Once you’re sure of the baseline, good compression, choke is working properly, no blow-by, the plugs look correct (light brown with no soot) and all eight are firing then you should be OK to look into the carb, the distributor, exhaust etc.

I chased many of these same issues on my own engine a while back. By focusing on each system and repairing or replacing components one at time (carb rebuild, ignition replacement, high temp racing wires, replaced stock manifolds with header and free flow exhaust) we now get 8.3 when towing a car and 9.4 when empty in our 345.

Keep us posted on your work. Many of us have chase out each of these gremlins and can lend advice.
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Old 05-15-2006, 01:55 PM   #45
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Yup, what he said. Steven has the right ideas. I changed my wires, exhaust, headers, THEN I had the carb rebuilt by a professional. The difference was dramatic.
I'm getting 8's and 9's from a US gal. not an imperial gallon.
Oh, one thing that also helped was to give it as much air as possible. The old air cleaner just does not provide enough air to the carb in my opinion. Check out my photos for the custom DIY air intake you can make in no time.
BTW what RPM range are you operating in at 55mph?
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Old 05-15-2006, 05:49 PM   #46
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What a marvellous response. Thank you very much. I will do exactly the order you suggest and yes I will keep you all posted. I hope to do some thing this weekend, well at least make a start.

We are off again the following weekend to a local C&W weekend. (Its one of our holiday weekends here, then). Therefore, it would be nice – and help with the sleeping – if I can ‘bottom-out’ a couple of causes.

The Airstream certainly attracts the gazes and admirations at these shows so a sweet engine will be even better!

Yes I did mean 180 degrees (F). I keep going back to Centigrade!!!

At 55mph she is showing about 2250 rpm. I think the Speedo is a bit slow judging by the trucks here. Nearly all trucks run at 56/57mph (90k/hr) with governed engines, and we kept catching them up! It is also my favourite speed, I have tucked enough ‘miles under my belt’ over the years (60-70k for the past 43 odd years) to not be a boy racer any more and take my time. At least running with the HGV's (truckers) it saves a lot of overtaking, and hard breaking when an idiot argues with another idiot!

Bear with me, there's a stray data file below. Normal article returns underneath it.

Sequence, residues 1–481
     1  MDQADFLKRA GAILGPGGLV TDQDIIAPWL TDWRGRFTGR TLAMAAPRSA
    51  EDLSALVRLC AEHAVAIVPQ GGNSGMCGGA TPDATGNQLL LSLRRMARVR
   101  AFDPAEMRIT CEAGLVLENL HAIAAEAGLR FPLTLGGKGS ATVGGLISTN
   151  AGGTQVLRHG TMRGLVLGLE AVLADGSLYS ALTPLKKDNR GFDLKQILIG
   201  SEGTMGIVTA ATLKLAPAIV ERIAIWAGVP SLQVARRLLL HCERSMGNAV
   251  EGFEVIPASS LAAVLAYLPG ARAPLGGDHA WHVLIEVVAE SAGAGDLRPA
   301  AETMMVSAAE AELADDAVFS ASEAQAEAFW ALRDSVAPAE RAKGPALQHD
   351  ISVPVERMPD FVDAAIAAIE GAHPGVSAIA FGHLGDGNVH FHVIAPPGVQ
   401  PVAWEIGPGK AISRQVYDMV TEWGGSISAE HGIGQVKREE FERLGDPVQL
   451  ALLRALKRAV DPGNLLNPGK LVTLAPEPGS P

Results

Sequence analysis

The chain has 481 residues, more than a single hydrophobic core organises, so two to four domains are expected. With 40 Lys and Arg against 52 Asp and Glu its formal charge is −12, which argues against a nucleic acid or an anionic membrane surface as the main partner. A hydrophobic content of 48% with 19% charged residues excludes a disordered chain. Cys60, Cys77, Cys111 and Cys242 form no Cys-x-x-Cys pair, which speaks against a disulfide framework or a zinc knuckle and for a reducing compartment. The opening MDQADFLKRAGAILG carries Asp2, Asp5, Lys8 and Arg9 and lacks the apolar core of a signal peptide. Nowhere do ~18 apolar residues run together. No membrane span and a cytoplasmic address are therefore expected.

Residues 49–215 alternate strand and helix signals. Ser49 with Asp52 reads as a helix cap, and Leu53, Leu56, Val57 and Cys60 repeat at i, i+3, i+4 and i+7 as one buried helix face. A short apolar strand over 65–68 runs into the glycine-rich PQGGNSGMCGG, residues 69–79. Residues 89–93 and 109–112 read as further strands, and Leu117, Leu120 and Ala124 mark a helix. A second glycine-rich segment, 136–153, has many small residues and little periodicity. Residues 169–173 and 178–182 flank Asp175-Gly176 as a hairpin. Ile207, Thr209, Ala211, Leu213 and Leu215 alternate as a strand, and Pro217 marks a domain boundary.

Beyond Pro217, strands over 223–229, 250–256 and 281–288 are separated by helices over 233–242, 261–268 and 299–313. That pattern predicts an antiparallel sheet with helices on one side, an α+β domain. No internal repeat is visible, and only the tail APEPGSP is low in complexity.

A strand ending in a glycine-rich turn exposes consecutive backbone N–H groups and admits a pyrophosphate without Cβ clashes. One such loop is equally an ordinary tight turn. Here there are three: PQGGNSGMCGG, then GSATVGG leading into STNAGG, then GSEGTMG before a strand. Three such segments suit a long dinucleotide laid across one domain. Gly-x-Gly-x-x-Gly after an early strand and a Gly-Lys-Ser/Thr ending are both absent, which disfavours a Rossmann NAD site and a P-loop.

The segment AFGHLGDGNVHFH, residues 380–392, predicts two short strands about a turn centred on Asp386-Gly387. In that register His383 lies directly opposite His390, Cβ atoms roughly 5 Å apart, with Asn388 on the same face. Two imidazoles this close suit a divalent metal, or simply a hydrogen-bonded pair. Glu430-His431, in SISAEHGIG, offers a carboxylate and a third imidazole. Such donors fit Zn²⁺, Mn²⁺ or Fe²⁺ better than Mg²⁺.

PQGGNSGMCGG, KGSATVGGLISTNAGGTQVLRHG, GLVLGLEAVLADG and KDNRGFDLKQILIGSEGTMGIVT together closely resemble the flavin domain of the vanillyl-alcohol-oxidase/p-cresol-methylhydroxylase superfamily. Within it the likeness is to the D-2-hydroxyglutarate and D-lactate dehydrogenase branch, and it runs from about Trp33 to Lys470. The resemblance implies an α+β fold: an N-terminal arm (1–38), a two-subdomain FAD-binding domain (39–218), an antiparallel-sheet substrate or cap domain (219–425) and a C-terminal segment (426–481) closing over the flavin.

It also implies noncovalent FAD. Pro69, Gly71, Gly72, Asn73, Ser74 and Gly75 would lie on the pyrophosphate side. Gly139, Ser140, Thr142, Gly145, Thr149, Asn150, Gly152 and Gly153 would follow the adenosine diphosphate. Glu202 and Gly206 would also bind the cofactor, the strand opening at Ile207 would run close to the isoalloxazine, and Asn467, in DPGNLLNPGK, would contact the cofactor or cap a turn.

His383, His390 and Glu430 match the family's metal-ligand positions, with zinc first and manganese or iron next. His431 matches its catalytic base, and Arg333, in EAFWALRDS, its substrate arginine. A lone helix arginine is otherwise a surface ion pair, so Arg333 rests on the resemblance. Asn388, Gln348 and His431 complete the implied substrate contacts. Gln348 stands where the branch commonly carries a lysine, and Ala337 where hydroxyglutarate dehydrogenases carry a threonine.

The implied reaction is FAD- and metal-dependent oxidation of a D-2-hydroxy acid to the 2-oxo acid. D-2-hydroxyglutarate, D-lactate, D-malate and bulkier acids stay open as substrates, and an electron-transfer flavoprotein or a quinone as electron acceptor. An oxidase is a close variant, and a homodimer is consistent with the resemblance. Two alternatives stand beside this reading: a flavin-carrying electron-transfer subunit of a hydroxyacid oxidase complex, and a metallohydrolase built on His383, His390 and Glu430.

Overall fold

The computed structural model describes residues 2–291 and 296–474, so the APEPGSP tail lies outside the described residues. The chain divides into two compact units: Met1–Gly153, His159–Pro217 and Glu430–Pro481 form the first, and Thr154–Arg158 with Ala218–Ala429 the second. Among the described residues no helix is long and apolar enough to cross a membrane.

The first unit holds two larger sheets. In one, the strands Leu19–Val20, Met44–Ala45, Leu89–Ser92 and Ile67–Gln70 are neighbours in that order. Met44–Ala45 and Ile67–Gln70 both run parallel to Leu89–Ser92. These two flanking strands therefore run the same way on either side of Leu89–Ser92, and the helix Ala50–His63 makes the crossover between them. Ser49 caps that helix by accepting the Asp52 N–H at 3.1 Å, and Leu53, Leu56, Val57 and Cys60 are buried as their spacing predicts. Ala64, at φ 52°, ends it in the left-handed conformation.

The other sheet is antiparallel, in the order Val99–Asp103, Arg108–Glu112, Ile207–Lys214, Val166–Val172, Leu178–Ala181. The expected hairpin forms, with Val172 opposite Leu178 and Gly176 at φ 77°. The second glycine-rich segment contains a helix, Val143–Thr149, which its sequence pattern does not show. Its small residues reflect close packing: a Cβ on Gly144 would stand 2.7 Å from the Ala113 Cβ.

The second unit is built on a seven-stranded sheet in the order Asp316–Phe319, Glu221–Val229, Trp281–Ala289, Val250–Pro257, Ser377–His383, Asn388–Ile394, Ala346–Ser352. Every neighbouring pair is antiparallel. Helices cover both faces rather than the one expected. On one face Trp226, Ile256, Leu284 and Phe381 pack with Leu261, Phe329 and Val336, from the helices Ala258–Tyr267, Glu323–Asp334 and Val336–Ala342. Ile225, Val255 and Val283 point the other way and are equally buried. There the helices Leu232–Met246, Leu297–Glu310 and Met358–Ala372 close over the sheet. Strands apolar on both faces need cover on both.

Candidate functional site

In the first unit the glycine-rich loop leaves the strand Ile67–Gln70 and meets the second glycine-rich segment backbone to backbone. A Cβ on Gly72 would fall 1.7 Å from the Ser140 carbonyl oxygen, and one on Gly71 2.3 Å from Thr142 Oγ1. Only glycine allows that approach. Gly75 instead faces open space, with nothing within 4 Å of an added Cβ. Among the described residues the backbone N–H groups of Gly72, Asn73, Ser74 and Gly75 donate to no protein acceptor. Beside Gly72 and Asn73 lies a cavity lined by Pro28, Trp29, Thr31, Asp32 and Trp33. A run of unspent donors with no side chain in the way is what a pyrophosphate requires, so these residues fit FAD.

Thanks again Chaps
Chuck
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Old 05-15-2006, 07:50 PM   #47
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Chuck, that sounds like you've got a very "short" rear end... sorry if that sounds a little too personal. Short is good actually as "tall" rear ends drive the tach up.
If you're only turning that speed at 55mph it's got to be choke or carb that needs looking at ... and likely both.
You should be able to get it sorted and find yourself close to double digits after some time and money is invested in getting it running as it should. Lots of luck and we'll be looking for new and improved numbers as you work out the bugs.
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Old 05-16-2006, 02:49 AM   #48
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Glen, I must admit that the carb area was my first instinct, particularly as it "chugs" at times. It just sounded like a fuel problem, but I will go through the list given by Steven, as there were some very valid checks.

The PO had not necessarily neglected it for about 18months, but perhaps didn’t have the enthusiasm/knowledge to keep on top of things. It has stood most of that time.